Thursday, August 18, 2011

History & Democracy: Failure of Regulators

Now the Greeks & then………

For Whom the Bell Tolls©Am Ang Zhang 2011

 “The greatest tragedy would be to accept the refrain
that no one could have seen this coming
and thus nothing could have been done.
If we accept this notion,
it will happen again.”

US Financial Crisis Inquiry Commission

How did it come to pass that in 2008 our nation was forced to choose between two stark and painful alternatives — either risk the collapse of our financial system and economy, or commit trillions of taxpayer dollars to rescue major corporations and our financial markets, as millions of Americans still lost their jobs, their savings, and their homes?

The Commission concluded that this crisis was avoidable. It found widespread failures in financial regulation; dramatic breakdowns in corporate governance; excessive borrowing and risk-taking by households and Wall Street; policy makers who were ill prepared for the crisis; and systemic breaches in accountability and ethics at all levels. Here we present what we found so readers can reach their own conclusions, even as the comprehensive historical record of this crisis continues to be written.

 Banks benefit from socialism, 
while everyone else has to live under 

Michael Lewis

Extracts:US Financial Crisis Inquiry Commission

We conclude widespread failures in financial regulation and supervision proved devastating to the stability of the nation’s financial markets. The sentries were not at their posts, in no small part due to the widely accepted faith in the self correcting nature of the markets and the ability of financial institutions to effectively police themselves. More than 30 years of deregulation and reliance on self-regulation by financial institutions, championed by former Federal Reserve chairman Alan Greenspan and others, supported by successive administrations and Congresses, and actively pushed by the powerful financial industry at every turn, had stripped away key safeguards, which could have helped avoid catastrophe. This approach had opened up gaps in oversight of critical areas with trillions of dollars at risk, such as the shadow banking system and over-the-counter derivatives markets. In addition, the government permitted financial firms to pick their preferred regulators in what became a race to the weakest supervisor.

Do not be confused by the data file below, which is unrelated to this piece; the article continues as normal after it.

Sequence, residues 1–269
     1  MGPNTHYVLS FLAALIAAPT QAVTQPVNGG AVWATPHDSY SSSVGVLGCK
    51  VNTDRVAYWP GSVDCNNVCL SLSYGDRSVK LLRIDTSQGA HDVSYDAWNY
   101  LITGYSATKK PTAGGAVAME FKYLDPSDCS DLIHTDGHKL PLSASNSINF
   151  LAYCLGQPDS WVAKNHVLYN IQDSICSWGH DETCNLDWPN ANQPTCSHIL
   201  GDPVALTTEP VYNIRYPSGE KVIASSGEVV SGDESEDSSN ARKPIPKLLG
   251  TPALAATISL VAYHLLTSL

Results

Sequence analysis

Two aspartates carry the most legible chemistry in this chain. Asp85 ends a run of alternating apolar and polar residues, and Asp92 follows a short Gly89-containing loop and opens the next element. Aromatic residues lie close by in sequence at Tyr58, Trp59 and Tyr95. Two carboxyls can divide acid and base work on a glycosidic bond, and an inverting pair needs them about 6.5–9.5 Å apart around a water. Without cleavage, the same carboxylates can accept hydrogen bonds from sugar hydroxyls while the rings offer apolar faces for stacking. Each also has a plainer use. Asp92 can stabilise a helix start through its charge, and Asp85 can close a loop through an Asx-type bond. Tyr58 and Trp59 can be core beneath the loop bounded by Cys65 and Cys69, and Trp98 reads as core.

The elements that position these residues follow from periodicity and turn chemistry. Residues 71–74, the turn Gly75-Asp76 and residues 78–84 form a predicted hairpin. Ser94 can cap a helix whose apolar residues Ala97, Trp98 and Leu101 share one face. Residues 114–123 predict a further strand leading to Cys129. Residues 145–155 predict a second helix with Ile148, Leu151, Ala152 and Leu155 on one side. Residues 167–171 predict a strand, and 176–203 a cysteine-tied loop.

Yet we do not accept the view that regulators lacked the power to protect the financial system. They had ample power in many arenas and they chose not to use it.

To give just three examples: the Securities and Exchange Commission could have required more capital and halted risky practices at the big investment banks. It did not.

The Federal Reserve Bank of New York and other regulators could have clamped down on Citigroup’s excesses in the run-up to the crisis. They did not. Policy makers and regulators could have stopped the runaway mortgage securitization train. They did not. In case after case after case, regulators continued to rate the institutions they oversaw as safe and sound even in the face of mounting troubles, often downgrading them just before their collapse. And where regulators lacked authority, they could have sought it. Too often, they lacked the political will—in a political and ideological environment that constrained it—as well as the fortitude to critically challenge the institutions and the entire system they were entrusted to oversee.

In finance: failure of regulators costs money, our money.

In health care: failure of regulators costs lives, patients’ lives.

Other Posts:

No comments: